One of the Canadian shows that is easy to binge-watch, the show returns with a third season with a case that reminds of season one’s unwinnable lawsuit.
Burden of Truth, Season Three (2020) TV Review
It’s been over a year since Joanna Chang (Kristin Kreuk) returns to Millwood for the one man who’s ever managed to sneak beneath her emotionally protective layers and see her. Now, along with Billy (Peter Mooney), the pair run a boutique law firm called Crawford and Chang in the city. They’re a new firm with few to no clients, and to add insult to injury, they lose their first case. Joanna is unhappy to have lost for the first time, all while unaware, Billy is keeping a secret of his own, one that will affect them both.
Coinciding with all of this is an invitation from Joanna’s old friend Diane (Nicola Correia-Damude). She wants Joanna and Billy to return and attend their school reunion, an event that also reunites Joanna with her childhood best friend, Kody (Sera-Lys McArthur). Troubled in her teens, and through the early years of her own kids’ lives, Kody is now clean. On the same night, an anonymous tip leads to the apprehension of Kody’s children, and from there, they go into foster care. This keeps Joanna in town, and gives her an unexpected new crusade.
TV FILM REVIEW | ‘Burden of Truth,’ Season One: A Good Legal Drama
I don’t know much about the vision behind this show. However having watched these three seasons in relative succession, I can say, it’s a solid drama. It’s unlike most legal dramas I’ve seen, and it’s certainly a character driven (at least in part) show; especially with Joanna’s stifled emotional capacity and the respective terrible pasts both she and Billy have. We continue to sift through all of this, even three seasons in. Plus, this season begins approximately a year after season two.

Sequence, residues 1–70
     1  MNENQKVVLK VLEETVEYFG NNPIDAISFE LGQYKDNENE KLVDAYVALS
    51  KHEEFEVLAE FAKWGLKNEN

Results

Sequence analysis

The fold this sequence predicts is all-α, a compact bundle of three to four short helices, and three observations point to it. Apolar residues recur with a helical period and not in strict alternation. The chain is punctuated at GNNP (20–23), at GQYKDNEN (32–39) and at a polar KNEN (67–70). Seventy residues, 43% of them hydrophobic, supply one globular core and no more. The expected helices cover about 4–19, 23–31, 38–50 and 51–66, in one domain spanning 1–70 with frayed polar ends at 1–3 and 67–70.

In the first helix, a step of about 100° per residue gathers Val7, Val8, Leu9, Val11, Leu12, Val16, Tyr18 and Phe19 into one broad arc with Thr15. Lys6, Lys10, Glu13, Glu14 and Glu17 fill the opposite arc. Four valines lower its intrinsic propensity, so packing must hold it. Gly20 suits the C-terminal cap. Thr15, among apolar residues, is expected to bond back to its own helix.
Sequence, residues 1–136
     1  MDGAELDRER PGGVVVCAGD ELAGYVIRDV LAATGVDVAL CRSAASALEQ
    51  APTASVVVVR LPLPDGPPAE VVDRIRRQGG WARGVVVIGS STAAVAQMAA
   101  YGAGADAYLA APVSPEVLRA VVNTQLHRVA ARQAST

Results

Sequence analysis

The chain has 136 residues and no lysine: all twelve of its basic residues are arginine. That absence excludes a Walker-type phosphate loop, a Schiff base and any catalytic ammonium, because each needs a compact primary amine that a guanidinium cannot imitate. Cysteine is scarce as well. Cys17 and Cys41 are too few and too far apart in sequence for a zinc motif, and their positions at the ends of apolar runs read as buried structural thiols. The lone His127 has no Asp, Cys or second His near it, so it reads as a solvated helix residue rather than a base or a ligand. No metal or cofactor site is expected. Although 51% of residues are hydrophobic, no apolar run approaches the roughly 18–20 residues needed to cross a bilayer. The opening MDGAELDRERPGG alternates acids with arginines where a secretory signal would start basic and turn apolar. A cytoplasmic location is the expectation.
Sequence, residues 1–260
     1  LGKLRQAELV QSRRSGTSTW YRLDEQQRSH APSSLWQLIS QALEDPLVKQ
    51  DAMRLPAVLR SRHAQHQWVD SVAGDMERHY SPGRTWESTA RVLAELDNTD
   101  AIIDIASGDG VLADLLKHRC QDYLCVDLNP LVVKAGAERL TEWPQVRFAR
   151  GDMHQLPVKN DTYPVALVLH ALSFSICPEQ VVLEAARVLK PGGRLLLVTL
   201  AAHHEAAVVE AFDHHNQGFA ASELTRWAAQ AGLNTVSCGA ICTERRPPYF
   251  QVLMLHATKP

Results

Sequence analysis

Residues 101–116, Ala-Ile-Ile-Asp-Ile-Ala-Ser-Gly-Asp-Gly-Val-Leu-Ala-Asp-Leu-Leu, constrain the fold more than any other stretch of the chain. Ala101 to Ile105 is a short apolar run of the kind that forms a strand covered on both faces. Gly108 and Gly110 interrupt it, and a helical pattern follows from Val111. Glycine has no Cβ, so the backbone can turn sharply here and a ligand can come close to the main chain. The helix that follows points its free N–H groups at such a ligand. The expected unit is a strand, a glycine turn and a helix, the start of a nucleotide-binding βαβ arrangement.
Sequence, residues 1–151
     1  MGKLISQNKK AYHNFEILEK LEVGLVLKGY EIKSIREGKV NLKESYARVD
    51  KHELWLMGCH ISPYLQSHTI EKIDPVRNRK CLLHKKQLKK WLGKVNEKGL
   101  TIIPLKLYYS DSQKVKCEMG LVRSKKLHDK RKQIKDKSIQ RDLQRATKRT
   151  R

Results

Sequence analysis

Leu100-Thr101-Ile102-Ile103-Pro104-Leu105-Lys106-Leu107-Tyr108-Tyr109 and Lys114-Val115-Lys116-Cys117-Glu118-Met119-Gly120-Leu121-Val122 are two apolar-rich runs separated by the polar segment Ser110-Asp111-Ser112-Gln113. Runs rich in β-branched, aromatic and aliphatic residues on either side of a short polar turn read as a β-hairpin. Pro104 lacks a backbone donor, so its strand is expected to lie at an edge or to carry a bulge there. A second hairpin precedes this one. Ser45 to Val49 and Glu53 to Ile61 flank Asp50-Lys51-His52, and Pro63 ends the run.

I really do love Billy and Joanna together (still) despite all of the emotional damage both cannot get past. Billy is like a tonic to Joanna, and with exception to her sister, he’s the only one who can calm her or really understands what and when she needs something. Most everyone from the cast is back including Luna (Star Slade); Owen (Meegwun Fairbrother); Sam (Paul Braunstein); and Taylor (Anwen O’Driscoll). The writer’s do a good job of making them all fit in this story (which lasts the entirety of the season), though I will say, season four really does need to get new bad guy.
Despite the fact that a fourth season is airing, this season does end in a hopeful and almost conclusive way. It’s moving and heartwarming and for those of us who like it, a happy way to end. That said, so long as the writer’s don’t mess with this image, I’m always ready for more with these characters; they’re flawed and broken in so many ways. Still to their credit the writers do offer them healing throughout this season, and I love it. Plus, the romance between the leads? It’s beautiful and heartbreaking and all around, fabulous. The writers have a good grip on what a relationship between these two would look like, and it works.
The mystery part of the story (or the legal case) does wrap up in an almost anti-climactic way, but I’m fine with this because it allowed the writers to create that more emotional conclusion. If you like legal dramas or anything you’ve seen with these actors before, watching Burden of Truth, season three should be on your list of potential binge-watching. It’s another solid installment in this TV series.
You can find Burden of Truth, season three on Hulu (at publication) or on season 1 DVD on Amazon.
‘Burden of Truth,’ Season Three: More Solid Storytelling. Reviewing the Canadian CW transplant with Kristin Kreuk. #TVshows #GoodTV #GoodShow #KristenKreuk #DaretoDefy Click To Tweet
Content: this one is a pretty clean TV-14 show. There’s some minor profanity here and there; addiction is a part of season three, and there’s some minor innuendo. There’s details of corruption.
Photos: CBC / Cause One Productions Inc. and Cause One Manitoba Inc / Show Biz Junkies